Author(s): Ishii N, Robert M, Nakayama Y, Kanai A, Tomita M
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Abstract In the post-genomic era, the large-scale, systematic, and functional analysis of all cellular components using transcriptomics, proteomics, and metabolomics, together with bioinformatics for the analysis of the massive amount of data generated by these "omics" methods are the focus of intensive research activities. As a consequence of these developments, systems biology, whose goal is to comprehend the organism as a complex system arising from interactions between its multiple elements, becomes a more tangible objective. Mathematical modeling of microorganisms and subsequent computer simulations are effective tools for systems biology, which will lead to a better understanding of the microbial cell and will have immense ramifications for biological, medical, environmental sciences, and the pharmaceutical industry. In this review, we describe various types of mathematical models (structured, unstructured, static, dynamic, etc.), of microorganisms that have been in use for a while, and others that are emerging. Several biochemical/cellular simulation platforms to manipulate such models are summarized and the E-Cell system developed in our laboratory is introduced. Finally, our strategy for building a "whole cell metabolism model", including the experimental approach, is presented.
This article was published in J Biotechnol
and referenced in Journal of Bioengineering & Biomedical Science
- Yosef Yarden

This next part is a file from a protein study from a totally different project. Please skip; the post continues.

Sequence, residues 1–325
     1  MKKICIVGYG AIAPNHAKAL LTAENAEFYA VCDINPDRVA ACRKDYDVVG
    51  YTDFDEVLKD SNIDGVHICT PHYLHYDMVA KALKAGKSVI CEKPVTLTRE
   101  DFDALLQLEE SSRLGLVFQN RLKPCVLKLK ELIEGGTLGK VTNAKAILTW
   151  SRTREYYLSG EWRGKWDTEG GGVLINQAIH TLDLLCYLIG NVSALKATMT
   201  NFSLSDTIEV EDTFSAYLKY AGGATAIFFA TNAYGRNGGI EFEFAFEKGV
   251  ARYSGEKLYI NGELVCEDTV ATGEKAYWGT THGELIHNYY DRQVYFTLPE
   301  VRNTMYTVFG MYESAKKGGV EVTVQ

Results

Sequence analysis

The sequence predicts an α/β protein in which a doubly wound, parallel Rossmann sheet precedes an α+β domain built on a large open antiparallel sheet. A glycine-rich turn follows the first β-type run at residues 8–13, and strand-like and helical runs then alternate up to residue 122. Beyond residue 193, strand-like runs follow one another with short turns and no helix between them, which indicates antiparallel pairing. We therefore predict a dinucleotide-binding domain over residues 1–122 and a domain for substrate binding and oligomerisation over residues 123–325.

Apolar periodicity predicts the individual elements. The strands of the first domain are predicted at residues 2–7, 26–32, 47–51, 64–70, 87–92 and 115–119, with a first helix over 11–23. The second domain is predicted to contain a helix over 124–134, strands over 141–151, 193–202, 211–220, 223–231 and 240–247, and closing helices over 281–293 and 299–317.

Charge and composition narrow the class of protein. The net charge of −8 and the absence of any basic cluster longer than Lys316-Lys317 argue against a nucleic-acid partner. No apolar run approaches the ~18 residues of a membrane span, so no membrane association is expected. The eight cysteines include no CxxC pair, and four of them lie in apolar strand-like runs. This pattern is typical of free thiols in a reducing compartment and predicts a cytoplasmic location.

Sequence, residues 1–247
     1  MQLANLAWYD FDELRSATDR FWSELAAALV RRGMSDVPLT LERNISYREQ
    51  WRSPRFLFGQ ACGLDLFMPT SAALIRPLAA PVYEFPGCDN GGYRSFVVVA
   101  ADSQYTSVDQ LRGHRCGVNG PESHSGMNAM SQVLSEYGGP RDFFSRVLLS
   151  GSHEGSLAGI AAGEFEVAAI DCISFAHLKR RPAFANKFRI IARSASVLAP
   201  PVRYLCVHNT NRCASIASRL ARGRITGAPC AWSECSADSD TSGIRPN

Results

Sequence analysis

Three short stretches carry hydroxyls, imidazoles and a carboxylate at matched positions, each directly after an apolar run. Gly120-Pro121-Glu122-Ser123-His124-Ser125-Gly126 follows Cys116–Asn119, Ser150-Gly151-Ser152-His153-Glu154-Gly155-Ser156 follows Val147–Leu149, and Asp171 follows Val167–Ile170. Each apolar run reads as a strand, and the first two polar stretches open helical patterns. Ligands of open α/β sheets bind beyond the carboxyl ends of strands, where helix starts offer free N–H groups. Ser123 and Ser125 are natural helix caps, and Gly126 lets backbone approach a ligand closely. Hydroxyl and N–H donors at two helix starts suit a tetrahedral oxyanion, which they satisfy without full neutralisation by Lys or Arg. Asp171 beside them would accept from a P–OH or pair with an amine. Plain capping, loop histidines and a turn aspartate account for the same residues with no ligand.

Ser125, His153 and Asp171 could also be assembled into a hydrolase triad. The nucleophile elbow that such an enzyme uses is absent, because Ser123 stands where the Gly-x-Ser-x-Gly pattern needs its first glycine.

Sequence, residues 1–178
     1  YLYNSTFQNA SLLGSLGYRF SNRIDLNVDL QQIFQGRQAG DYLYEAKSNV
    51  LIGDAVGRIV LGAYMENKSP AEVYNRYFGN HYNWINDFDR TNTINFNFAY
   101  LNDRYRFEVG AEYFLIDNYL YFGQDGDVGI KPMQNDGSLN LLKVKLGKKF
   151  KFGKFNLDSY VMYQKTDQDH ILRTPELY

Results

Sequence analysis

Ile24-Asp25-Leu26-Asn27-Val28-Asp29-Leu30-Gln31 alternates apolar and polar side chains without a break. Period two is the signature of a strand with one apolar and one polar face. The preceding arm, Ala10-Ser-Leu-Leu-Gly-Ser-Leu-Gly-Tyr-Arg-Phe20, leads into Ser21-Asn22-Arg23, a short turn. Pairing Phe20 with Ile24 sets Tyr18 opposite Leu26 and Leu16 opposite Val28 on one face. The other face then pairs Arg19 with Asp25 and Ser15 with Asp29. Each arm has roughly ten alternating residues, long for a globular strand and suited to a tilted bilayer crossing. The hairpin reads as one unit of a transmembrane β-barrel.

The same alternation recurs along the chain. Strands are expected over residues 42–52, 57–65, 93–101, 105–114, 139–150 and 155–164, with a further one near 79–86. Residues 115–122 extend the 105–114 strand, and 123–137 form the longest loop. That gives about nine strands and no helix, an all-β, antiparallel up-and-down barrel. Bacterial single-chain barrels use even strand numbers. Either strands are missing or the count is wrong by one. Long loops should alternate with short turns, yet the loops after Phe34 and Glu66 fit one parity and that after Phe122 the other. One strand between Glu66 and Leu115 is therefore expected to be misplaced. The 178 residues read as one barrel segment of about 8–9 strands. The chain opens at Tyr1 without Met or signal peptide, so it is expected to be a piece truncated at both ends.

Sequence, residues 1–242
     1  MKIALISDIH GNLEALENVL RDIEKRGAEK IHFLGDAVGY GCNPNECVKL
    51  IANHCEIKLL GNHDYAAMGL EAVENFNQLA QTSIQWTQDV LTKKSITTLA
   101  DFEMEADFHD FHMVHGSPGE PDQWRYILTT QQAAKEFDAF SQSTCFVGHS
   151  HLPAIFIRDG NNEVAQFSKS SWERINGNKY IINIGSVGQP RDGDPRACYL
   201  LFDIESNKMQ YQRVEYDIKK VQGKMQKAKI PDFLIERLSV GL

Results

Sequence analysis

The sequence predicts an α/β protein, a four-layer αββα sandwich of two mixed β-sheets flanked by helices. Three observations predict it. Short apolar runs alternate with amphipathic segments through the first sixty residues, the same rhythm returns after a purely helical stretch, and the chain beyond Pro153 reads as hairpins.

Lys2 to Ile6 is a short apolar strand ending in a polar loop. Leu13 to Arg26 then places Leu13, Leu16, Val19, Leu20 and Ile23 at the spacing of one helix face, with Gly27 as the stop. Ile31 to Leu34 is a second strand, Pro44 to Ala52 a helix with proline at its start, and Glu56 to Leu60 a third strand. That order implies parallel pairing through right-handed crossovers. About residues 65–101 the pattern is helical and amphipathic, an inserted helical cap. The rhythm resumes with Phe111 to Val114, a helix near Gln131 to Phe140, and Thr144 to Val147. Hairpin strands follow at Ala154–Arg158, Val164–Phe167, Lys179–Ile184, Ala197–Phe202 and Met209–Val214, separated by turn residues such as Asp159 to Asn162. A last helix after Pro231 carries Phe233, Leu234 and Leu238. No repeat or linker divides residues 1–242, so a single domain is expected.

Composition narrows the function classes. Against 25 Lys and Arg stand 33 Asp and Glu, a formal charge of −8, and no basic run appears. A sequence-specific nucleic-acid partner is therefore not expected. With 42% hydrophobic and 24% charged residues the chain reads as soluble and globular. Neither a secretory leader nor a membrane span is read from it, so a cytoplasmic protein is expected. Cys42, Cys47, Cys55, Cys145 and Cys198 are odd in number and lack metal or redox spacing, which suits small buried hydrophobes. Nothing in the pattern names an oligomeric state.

Classically, the 3âuntranslated region (3âUTR) is that region in eukaryotic protein-coding genes from the translation termination codon to the polyA signal. It is transcribed as an integral part of the mRNA encoded by the gene. However, there exists another kind of RNA, which consists of the 3âUTR alone, without all other elements in mRNA such as 5âUTR and coding region. The importance of independent 3âUTR RNA (referred as I3âUTR) was prompted by results of artificially introducing such RNA species into malignant mammalian cells. Since 1991, we found that the middle part of the 3âUTR of the human nuclear factor for interleukin-6 (NF-IL6) or C/EBP gene exerted tumor suppression effect in vivo. Our subsequent studies showed that transfection of C/EBP 3âUTR led to down-regulation of several genes favorable for malignancy and to up-regulation of some genes favorable for phenotypic reversion. Also, it was shown that the sequences near the termini of the C/EBP 3âUTR were important for its tumor suppression activity. Then, the C/EBP 3âUTR was found to directly inhibit the phosphorylation activity of protein kinase CPKC in SMMC-7721, a hepatocarcinoma cell line. Recently, an AU-rich region in the C/EBP 3âUTR was found also to be responsible for its tumor suppression. Recently we have also found evidence that the independent C/EBP 3âUTR RNA is actually exists in human tissues, such as fetal liver and heart, pregnant uterus, senescent fibroblasts etc. Through 1990âs to 2000âs, world scientists found several 3âUTR RNAs that functioned as artificial independent RNAs in cancer cells and resulted in tumor suppression. Interestingly, majority of genes for these RNAs have promoter-like structures in their 3âUTR regions, although the existence of their transcribed products as independent 3âUTR RNAs is still to be confirmed. Our studies indicate that the independent 3âUTR RNA is a novel non-coding RNA species whose function should be the regulation not of the expression of their original mRNA, but of some essential life activities of the cell as a whole.
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